Starting May 1 2022, the Chestnut Street Pavilion becomes a rentable, public multi-use facility according to Berea Business and Tourism Development Director Donna Angel, and the City of Berea.
On that date, rate sheets, regulations, and reservation forms will be published online to allow the public to reserve the pavilion for private and public events. The public will be able to rent the facility for parties, family reunions, and other outdoor events, according to officials.
Additionally, the Chestnut Street Pavilion will be a likely venue for upcoming music concerts, after the Berea Tourism Commission recently approved an initiative to invite more local musicians to perform in the city throughout the spring, summer and fall months.
“We had a tremendous response on that from our last meeting,” Angel said of the plan to bring more music groups to Berea. “I think music is just a great thing we need to do more of.”
Discussion about the future of the Chestnut Street Pavilion took up several minutes after local resident Jacque Bowling expressed her opinion during the public comments period that the pavilion will not be suitable for public use because it is open to the elements. Bowling asked whether the city would try to modify the pavilion for use in inclement weather.
Commissioner Richard Thomas disagreed with Bowling, however, stating the pavilion was specifically built as a venue for spring, summer and fall events. “You said the building is not functional,” Thomas said. “That’s your opinion. It may not be suitable for a driving rainstorm, but that’s your opinion.”
Angel emphasized the new facility was never intended to be used for events during bad weather, such as heavy rain or snow. “The pavilion was built to be an outdoor, multi-use facility. So, when we think of outdoors, we don’t think of enclosing it.”
Commissioners did agree with another point Bowling made, however. Bowling wanted to know the precise cost of the pavilion, noting that by her accounting, the facility cost approximately $180,000 more than projected in the current budget.
Commissioners acknowledged there were overages in the project, some of which had to do with the grading and drainage of the parking lot, and they agreed with Bowling’s suggestion that the exact figures should be made public.
“The public has a right to know down to the penny what the money was spent on and where those funds came from,” Thomas said.
All of the commissioners thanked Bowling for her interest in tourism, though at least one took issue with one other objection she made.
“I could care less about the Berea Farmer’s Market,” Bowling said. “They don’t live in Berea, they do not pay property tax, so I could really care less.” Bowling also asserted that some produce at the market is not locally grown.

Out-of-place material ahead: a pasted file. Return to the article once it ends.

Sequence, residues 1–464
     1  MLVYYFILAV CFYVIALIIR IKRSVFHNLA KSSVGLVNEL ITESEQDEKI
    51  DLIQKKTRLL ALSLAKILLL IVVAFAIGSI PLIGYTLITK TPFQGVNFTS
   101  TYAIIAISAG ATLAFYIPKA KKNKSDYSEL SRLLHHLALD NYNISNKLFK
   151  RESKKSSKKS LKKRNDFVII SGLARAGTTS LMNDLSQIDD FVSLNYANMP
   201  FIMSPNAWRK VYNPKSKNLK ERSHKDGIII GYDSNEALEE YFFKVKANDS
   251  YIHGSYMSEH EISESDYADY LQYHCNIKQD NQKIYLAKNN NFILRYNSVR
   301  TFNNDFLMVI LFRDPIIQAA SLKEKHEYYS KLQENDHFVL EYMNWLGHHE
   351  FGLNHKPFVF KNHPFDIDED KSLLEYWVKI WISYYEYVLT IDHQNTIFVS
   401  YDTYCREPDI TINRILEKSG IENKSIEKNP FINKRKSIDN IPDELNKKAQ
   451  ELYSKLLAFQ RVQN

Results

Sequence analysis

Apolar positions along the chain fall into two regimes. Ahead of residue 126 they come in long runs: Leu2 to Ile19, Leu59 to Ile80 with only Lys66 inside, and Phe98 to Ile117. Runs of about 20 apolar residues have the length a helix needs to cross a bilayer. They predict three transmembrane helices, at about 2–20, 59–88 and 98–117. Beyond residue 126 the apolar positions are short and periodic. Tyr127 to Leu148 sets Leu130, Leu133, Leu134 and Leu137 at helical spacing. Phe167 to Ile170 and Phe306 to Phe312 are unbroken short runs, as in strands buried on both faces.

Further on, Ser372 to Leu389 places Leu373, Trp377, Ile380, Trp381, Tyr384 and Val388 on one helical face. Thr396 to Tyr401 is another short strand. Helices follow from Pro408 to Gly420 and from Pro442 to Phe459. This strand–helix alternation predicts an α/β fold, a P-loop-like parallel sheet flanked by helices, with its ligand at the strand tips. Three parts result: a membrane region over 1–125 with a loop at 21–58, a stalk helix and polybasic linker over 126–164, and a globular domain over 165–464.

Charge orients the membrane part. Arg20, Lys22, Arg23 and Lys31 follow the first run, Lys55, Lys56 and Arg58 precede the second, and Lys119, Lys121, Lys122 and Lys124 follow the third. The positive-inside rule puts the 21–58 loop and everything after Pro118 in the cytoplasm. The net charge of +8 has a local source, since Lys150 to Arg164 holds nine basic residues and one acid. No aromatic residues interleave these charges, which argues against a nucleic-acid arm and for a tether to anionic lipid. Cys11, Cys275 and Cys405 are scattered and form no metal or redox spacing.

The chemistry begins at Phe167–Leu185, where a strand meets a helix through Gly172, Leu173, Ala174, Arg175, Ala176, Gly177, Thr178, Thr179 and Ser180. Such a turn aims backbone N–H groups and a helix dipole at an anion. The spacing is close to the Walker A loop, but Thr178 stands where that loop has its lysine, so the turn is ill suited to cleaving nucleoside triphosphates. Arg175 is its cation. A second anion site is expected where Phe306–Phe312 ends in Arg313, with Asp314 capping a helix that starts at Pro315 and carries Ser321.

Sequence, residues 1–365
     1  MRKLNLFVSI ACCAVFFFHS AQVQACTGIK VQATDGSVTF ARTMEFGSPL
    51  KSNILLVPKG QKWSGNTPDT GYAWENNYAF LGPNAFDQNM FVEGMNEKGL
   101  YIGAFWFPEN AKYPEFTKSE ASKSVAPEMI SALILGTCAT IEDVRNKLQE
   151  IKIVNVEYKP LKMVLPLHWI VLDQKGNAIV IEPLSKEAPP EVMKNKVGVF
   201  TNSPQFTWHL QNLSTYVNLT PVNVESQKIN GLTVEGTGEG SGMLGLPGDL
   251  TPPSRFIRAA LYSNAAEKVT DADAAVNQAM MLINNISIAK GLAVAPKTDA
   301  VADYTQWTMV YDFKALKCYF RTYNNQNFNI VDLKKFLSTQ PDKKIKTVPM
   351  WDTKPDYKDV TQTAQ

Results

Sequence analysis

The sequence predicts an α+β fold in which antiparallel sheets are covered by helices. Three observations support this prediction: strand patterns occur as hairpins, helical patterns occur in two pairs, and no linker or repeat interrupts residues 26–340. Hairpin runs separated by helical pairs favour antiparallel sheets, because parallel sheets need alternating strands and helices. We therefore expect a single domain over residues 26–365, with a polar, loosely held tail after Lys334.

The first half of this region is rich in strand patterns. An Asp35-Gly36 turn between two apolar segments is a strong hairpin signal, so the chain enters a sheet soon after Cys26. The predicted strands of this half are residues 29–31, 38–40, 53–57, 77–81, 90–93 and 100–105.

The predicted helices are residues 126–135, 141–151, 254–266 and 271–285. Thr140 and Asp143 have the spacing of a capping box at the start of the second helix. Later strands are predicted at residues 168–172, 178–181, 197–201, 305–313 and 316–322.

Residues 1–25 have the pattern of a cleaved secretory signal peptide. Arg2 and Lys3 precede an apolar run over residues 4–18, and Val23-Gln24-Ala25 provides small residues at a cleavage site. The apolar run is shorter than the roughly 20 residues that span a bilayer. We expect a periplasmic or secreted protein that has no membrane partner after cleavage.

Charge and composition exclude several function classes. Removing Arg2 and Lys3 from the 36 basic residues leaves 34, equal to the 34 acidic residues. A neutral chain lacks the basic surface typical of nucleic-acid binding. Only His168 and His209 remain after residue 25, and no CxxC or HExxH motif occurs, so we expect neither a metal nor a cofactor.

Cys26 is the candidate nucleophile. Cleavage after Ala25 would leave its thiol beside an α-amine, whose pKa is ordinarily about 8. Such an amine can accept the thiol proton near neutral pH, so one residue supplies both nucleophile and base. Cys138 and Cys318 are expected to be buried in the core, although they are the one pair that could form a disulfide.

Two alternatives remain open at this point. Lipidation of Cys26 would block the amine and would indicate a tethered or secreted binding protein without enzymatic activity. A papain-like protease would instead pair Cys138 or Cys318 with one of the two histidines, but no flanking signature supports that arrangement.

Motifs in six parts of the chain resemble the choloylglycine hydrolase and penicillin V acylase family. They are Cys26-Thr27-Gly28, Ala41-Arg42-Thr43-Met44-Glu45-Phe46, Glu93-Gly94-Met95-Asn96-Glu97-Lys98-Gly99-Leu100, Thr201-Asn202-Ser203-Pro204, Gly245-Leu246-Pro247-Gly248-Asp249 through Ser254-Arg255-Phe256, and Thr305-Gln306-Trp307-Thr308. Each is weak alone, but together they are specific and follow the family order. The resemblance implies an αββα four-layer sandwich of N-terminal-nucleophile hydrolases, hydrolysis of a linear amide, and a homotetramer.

While thanking Bowling for attending the meeting, Commissioner Laura Carpenter said tourists have expressed very positive opinions about the Berea Farmer’s Market.
“Jackie, thank you so much for coming and caring. I can feel how much you care,” Carpenter said, adding that as the owner of vacation rentals in Berea, she’s had a different perspective on the market. “My clients love the farmer’s market.” Carpenter added some of her clients tell her that when they visit town, they cook with ingredients they find at the market.
Carpenter did agree with Bowling’s suggestion that city officials should look at other pavilions in other communities to get ideas for enhancing Berea’s pavilion. Carpenter called the Chestnut Street Pavilion a work in progress.
Much of the initial funding of the Chestnut Street Pavilion was secured by federal and state grants won by a coalition of city officials and private citizens. The city landed a $250,000 grant from the Kentucky Office of Agricultural Policy, $100,000 came from the USDA Rural Development Division, and $10,000 came from the Agricultural Development Committee of the Madison County Extension Office. Berea Tourism gave another $250,000 toward the effort.
City officials have stated the pavilion presented an opportunity to take advantage of available state and federal funds while allocating local tourism dollars for the public good. Mayor Bruce Fraley, meanwhile, has expressed his belief that the pavilion will spark economic development in a very visible gateway into town.
At least one local entrepreneur, realtor Sandy Adams, revealed plans to convert the old Mario’s restaurant building into an ice cream/coffee shop based, in part, on the city’s investment in the Chestnut Street Pavilion and the Tolle Building.